Federal judge rips death penalty states for secretive execution methods
Judge Kermit Bye, of the US Court of Appeals for the Eighth Circuit, ripped death penalty states for their increasingly closed approaches in carrying out capital punishments with the aid of anonymous compounding pharmacies that supply drugs.
Bye leveled his disapproval hours before Michael Taylor, 47, was executed for the 1989 murder of a 15-year-old girl in Kansas City. Taylor was put to death using pentobarbital from a pharmacist that the Missouri Department of Corrections will not disclose.
Though the Eighth Circuit did not stay Taylor’s execution – nor did the US Supreme Court halt the proceedings - Bye said in his dissent the Eighth Amendment “prohibits the unnecessary and wanton infliction of pain through torture, barbarous methods, or methods resulting in a lingering death.”
Bye added that “the absolute dearth of information Missouri has disclosed to this court, the ‘pharmacy’ on which Missouri relies could be nothing more than a high school chemistry class.”
The statements mark the most forceful yet from a federal judge in decrying states that have turned to secretive means to execute prisoners.
“I once again fear Missouri elevates the ends over the means in its rush to execute Taylor,” said Bye, whose dissent was backed by two other judges on the appeals court, as well as US Supreme Court Justices Ruth Bader Ginsburg, Elena Kagan, and Sonia Sotomayor.
States like Missouri and Ohio turned to clandestine methods when, in 2011, European drugmakers stopped selling and exporting to US states, drugs that could potentially be used for executions. The move has forced some of the states to switch from a three-drug cocktail used in the executions to just one drug – pentobarbital.
Earlier this month, an Oklahoma pharmacy agreed not to supply compounded pentobarbital for Taylor’s execution, following a lawsuit filed by the convict arguing the substance was likely to cause “ultimately inhumane pain.”
Taylor’s lawsuit alleged that Missouri could obtain pentobarbital from the Apothecary Shoppe of Tulsa, which was unlicensed to supply Missouri with drugs.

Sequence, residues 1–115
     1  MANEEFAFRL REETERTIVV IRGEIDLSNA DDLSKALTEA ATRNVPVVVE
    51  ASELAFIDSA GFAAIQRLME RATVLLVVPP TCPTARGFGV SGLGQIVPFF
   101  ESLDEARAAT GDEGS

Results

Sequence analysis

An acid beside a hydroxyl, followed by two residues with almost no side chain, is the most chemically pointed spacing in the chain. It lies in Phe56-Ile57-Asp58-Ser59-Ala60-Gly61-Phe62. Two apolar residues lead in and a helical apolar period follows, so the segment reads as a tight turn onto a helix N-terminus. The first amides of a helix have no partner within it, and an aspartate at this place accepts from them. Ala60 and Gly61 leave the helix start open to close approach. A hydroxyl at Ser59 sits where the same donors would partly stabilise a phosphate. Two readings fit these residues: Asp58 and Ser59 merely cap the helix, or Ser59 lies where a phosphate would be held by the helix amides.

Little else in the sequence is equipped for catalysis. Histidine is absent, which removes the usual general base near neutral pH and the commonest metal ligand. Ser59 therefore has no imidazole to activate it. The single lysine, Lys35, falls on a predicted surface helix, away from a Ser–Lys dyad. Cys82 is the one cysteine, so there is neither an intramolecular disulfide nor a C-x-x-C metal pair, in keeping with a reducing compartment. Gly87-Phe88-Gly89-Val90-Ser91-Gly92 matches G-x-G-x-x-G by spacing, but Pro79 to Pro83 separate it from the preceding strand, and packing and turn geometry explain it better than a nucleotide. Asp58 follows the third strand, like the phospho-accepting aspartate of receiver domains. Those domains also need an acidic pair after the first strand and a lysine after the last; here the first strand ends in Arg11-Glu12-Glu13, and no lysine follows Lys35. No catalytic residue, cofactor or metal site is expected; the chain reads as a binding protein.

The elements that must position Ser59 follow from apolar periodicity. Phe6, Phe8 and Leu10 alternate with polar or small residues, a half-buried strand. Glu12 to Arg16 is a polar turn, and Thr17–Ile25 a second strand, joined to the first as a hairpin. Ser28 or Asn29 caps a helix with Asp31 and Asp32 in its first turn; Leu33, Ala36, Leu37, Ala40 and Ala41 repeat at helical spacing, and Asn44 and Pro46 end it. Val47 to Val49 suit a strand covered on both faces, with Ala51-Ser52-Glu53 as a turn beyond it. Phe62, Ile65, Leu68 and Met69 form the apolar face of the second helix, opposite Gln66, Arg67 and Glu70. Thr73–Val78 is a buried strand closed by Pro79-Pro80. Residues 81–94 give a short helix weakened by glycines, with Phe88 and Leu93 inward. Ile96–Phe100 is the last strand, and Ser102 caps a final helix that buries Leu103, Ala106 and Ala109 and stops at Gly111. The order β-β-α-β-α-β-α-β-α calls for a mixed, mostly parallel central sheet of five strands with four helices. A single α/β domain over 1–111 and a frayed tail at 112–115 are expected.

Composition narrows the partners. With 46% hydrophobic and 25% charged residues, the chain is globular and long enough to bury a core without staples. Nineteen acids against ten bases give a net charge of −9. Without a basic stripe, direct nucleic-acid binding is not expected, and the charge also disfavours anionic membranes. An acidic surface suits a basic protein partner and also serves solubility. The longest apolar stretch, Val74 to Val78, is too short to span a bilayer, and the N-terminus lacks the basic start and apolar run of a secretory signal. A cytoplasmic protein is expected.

The only licensed manufacturer of pentobarbital, Illinois-based Akorn Inc., purchased exclusive rights to the drug from a Danish company two years ago. Though the condition for the transaction was that the American firm agreed not to sell the substance for lethal injections.
Thus, the only option left is obtaining the substance from compounding pharmacies. In his lawsuit, Taylor, according to AP, gave several recent executions as examples of compounded pentobarbital causing "severe, unnecessary, lingering and ultimately inhumane pain."
With less than a week before Taylor’s scheduled execution. Missouri announced it had found another anonymous compounding pharmacy that would make the drug.
Bye referenced Missouri’s last-minute scramble to find a new pharmacy before Taylor’s execution, saying there was little chance to perfect or even test the drug in that timespan.
“One should be suspicious of any pharmacy compounding a drug presumably for the first time, particularly when the pharmacy received Missouri’s request just a week before the scheduled execution,” the judge wrote.
He added that “it is conceivable this lack of experience and knowledge would lead to Taylor’s death being excruciatingly painful.”
Taylor was pronounced dead just after 00:10 EST on Wednesday morning. The Guardian’s report on the execution indicated there were no apparent signs of pain or distress before his death.
The state of Florida is due to soon execute its fifth prisoner with the use of the sedative midazolam in place of pentobarbital. Lawyers for Paul Howell, 47, have petitioned courts to stay the execution based on the uncertainty that midazolam will not cause suffering as the third drug in the process, potassium chloride, stops his heart.
Midazolam was used in a two-drug formula by Ohio to kill Dennis McGuire in January. It was reported that McGuire gasped for breath for up to 14 minutes during the procedure, with witnesses describing the procedure as inhumane.